Silicon Valley, California’s high-tech mecca best known for giving the world laptops and iPhones, is emerging as a breeding ground for a lower-tech product: the political candidate.
Although the valley has long been a cash cow for candidates - especially Democrats - the state’s dire economy has opened the door for business executives and entrepreneurs, with their savvy financial skills, to try their hand at politics. With the economy sure to be a pivotal issue in 2010, five prominent alumni from Silicon Valley have jumped into statewide races for next year.
Carly Fiorina, who spent five years as chief executive at Hewlett-Packard Co., is running against state Assemblyman Chuck DeVore for the GOP nomination as both vie for the U.S. Senate seat now held by Democrat Barbara Boxer.
Three hopefuls with deep roots in the valley are squaring off in the Republican primary for governor - Meg Whitman, former CEO of eBay; Steve Poizner, an early entrepreneur of Global Positioning System devices and now the state insurance commissioner; and Tom Campbell, a dean at UC Berkeley’s business school and a former congressman who represented Silicon Valley.
A fifth valley alum, former Facebook executive Chris Kelly, is running as a Democrat for attorney general.
“In Silicon Valley, it’s always about finding a new way to do something, inventing something that hasn’t been invented,” said Larry Gerston, a political science professor at San Jose State University in the heart of Silicon Valley.
“It’s approaching a problem in a way others haven’t considered. And it’s being unafraid to take a risk. That kind of appeal really stands out at a time when the state seems to be drowning under its own weight.”
California’s financial house is in shambles: Since February, Gov. Arnold Schwarzenegger and state lawmakers have cut $33 billion from spending and raised taxes by $12 billion. Even with those actions, the state faces a combined $38 billion deficit over the next three fiscal years, and the unemployment rate in what would be the world’s seventh largest economy if it were an independent nation is now at 12.2 percent - the highest since the Great Depression.
Mr. Poizner, who made his fortune as founder of SnapTrack Inc., which developed technology that allowed GPS units to help emergency-services workers pinpoint the locations of cell phones, said the time is ripe for an entrepreneur to take the reins of a dysfunctional government.
“What I bring to this, and what Silicon Valley culture brings to some of the problems facing the state of California, is this entrepreneurship and this ability to be innovative and to apply these entrepreneurial skills to solving problems,” Mr. Poizner told The Washington Times.
Computer industry pioneer Ross Perot demonstrated the marriage of business and politics in two credible presidential runs in the 1990s.
In fact, entrepreneurs and executives share much with top state officials - raising large sums of cash, meeting payrolls, balancing budgets and overseeing thousands of workers. What’s more, with the auto, real estate and financial sectors ailing, high-tech has become the one field that has risen above disaster during the recession.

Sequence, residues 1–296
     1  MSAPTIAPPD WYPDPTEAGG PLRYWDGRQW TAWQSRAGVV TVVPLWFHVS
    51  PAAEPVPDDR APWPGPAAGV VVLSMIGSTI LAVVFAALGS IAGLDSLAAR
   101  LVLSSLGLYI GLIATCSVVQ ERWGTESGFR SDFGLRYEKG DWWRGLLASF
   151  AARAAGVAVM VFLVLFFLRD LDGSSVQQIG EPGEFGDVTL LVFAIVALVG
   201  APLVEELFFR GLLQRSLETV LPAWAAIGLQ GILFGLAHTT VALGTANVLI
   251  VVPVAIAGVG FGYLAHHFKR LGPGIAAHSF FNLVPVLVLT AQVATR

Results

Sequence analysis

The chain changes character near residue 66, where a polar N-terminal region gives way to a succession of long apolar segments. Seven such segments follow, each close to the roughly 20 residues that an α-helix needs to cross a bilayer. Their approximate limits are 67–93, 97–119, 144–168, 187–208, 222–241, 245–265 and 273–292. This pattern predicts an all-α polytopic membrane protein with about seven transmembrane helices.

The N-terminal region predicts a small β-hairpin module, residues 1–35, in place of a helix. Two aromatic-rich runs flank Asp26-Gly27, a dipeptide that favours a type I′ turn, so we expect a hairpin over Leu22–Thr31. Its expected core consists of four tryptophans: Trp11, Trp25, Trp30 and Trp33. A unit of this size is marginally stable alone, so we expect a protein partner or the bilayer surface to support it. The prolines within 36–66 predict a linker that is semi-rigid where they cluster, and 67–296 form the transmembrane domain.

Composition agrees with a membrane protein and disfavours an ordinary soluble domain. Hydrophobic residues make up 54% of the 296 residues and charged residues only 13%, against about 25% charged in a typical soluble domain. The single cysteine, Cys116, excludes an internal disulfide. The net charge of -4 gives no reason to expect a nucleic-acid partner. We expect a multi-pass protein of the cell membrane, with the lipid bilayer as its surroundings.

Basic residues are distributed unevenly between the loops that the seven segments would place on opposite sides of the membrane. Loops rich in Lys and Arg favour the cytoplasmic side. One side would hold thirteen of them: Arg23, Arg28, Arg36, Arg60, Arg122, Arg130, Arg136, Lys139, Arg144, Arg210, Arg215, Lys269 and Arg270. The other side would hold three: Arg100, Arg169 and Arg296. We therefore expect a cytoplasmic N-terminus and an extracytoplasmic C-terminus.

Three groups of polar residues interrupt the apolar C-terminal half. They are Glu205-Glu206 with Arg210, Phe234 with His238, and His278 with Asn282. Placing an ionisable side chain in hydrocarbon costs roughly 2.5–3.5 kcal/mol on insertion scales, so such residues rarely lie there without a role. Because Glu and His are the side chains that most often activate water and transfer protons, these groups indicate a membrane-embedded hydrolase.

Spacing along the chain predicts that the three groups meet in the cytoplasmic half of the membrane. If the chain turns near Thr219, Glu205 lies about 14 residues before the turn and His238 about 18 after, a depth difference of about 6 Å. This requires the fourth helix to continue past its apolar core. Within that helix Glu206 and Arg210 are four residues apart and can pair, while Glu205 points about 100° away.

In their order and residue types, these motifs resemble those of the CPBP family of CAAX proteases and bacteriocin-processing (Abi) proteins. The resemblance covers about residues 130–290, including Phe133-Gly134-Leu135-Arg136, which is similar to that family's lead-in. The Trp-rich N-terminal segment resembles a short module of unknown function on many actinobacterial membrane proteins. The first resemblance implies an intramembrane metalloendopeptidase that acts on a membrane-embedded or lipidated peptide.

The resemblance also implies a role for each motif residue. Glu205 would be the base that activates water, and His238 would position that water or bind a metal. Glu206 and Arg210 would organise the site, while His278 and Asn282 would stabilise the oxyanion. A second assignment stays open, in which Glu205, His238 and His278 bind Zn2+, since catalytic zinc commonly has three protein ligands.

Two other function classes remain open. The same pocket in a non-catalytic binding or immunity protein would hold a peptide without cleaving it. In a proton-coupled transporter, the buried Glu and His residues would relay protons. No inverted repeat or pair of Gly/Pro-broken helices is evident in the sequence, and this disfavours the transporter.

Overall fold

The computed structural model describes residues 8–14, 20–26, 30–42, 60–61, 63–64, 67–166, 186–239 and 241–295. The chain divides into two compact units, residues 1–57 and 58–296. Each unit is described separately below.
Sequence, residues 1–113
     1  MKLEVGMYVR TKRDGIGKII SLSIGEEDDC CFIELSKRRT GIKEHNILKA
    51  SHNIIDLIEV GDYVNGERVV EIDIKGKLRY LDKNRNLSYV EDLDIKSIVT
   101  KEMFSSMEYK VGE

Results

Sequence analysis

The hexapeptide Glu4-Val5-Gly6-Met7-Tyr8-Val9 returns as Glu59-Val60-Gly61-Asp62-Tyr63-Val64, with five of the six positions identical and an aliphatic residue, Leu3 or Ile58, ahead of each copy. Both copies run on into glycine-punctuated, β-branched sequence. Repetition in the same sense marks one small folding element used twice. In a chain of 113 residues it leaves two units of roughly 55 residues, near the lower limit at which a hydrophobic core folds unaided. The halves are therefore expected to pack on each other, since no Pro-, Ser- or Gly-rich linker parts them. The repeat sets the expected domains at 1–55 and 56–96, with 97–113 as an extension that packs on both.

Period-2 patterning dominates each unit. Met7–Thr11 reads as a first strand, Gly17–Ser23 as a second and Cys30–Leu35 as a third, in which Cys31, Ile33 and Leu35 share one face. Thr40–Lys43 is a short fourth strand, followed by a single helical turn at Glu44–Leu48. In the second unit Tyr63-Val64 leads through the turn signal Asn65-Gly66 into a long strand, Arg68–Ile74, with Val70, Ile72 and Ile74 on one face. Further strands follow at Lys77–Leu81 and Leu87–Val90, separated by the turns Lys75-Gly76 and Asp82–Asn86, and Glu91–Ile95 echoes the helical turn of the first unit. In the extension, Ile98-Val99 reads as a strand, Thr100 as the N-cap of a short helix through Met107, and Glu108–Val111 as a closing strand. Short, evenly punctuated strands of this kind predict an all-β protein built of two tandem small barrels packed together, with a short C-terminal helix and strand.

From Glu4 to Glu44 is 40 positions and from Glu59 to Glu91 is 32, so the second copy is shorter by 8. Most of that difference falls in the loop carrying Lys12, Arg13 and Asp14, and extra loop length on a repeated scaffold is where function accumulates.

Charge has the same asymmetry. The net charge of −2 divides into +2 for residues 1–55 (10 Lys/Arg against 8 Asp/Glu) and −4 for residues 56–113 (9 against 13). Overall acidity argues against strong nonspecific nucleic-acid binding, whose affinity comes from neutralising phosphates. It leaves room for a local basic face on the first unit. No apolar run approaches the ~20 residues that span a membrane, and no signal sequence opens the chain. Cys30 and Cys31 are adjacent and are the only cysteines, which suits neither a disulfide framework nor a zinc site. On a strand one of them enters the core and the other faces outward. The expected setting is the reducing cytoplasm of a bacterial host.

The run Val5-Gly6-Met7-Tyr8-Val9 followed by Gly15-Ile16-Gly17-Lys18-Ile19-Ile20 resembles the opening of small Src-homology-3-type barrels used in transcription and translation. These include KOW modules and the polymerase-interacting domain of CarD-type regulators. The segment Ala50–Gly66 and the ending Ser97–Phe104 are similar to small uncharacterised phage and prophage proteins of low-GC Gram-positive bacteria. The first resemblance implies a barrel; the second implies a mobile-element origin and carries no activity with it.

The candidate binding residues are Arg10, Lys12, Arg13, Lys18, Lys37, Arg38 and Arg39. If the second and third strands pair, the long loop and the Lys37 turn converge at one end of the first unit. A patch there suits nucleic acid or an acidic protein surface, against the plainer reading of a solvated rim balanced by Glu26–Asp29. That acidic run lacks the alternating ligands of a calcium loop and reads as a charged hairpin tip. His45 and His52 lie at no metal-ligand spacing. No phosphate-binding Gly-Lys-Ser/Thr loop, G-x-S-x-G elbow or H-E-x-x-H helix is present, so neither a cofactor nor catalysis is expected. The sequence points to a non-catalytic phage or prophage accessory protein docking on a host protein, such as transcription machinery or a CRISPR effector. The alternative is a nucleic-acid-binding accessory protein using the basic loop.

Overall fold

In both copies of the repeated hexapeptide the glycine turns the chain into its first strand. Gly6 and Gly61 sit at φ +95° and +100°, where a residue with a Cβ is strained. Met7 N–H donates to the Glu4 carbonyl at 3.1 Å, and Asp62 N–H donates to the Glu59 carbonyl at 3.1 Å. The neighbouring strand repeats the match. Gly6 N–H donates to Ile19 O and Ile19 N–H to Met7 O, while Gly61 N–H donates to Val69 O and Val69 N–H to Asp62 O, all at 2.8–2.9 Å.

“The high-tech community still has its halo,” said Dan Schnur, director of the Jesse M. Unruh Institute of Politics at the University of Southern California.
“Just as importantly, because of the tremendous wealth that was accumulated in Silicon Valley over the last decade or two, there’s a much deeper pool of self-funded potential candidates.”
One such candidate is Mrs. Whitman, the former CEO of eBay. She has given her campaign $19 million - just for starters. Mr. Poizner, who sold his company for $1.2 billion, has poured $4.2 million of his own wealth into his campaign.
State Democrats, however, say the business executives and entrepreneurs offer little to solve the vast problems in California.
“I don’t think they bring any more than a bank book, a checking account,” said John Burton, chairman of the California Democratic Party. “They’re trying to play it as a big deal. … I don’t think anyone’s going to vote for somebody’s checkbook.”
But the Club for Growth, a conservative group that endorses Republican candidates who support limited government and lower taxes, sees value in business experience.
“Business folks from all industries are attractive in an environment when Washington’s principal flaw seems to be the inability to balance its budget,” said group spokesman Michael Connelly. “People who’ve made a career of meeting a payroll and balancing a budget and creating jobs will obviously have an appeal in these times.”
Enter Mrs. Fiorina, who brings an impressive resume as the first woman to take the lead at a Fortune 20 company. While her tenure at the helm of Hewlett-Packard was fraught with controversy (she was unceremoniously dumped in 2005 after the company’s stock plummeted by 50 percent), she made the jump from business to politics, playing a prime role as a top adviser to Sen. John McCain, Arizona Republican, during his 2008 presidential bid.
“Fiorina learned some valuable training working for McCain and should be able to couple that with her corporate experience and make this a race in California,” said Republican strategist Scott Reed. “Fundraising and message discipline drive both politics and corporate growth, and her experience should be an asset.”
To date, though, Silicon Valley tech whizzes have had little success in politics.
Engineer and former Rep. Ed Zschau, a Republican, lost his bid for Senate in 1986. Although former eBay executive Steve Westly, a Democrat, served as state controller for four years, he lost his 2006 bid for governor.
But California’s financial woes may have changed the electoral calculus.
“Voters are still intrigued by the idea of a political outsider, but they’re looking for one whose experience may be more directly applicable for governing California and dealing with its economic challenges,” Mr. Schnur said.